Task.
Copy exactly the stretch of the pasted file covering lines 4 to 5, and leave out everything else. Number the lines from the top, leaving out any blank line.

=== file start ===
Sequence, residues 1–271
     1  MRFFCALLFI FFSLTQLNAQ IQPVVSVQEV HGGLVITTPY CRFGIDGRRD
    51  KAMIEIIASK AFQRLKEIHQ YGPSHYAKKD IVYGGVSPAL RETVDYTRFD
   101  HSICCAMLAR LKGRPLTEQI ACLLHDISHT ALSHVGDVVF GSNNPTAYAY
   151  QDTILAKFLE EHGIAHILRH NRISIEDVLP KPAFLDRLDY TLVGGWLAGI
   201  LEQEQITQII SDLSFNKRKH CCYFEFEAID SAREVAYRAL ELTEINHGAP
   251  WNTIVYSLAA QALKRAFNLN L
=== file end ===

   101  HSICCAMLAR LKGRPLTEQI ACLLHDISHT ALSHVGDVVF GSNNPTAYAY
   151  QDTILAKFLE EHGIAHILRH NRISIEDVLP KPAFLDRLDY TLVGGWLAGI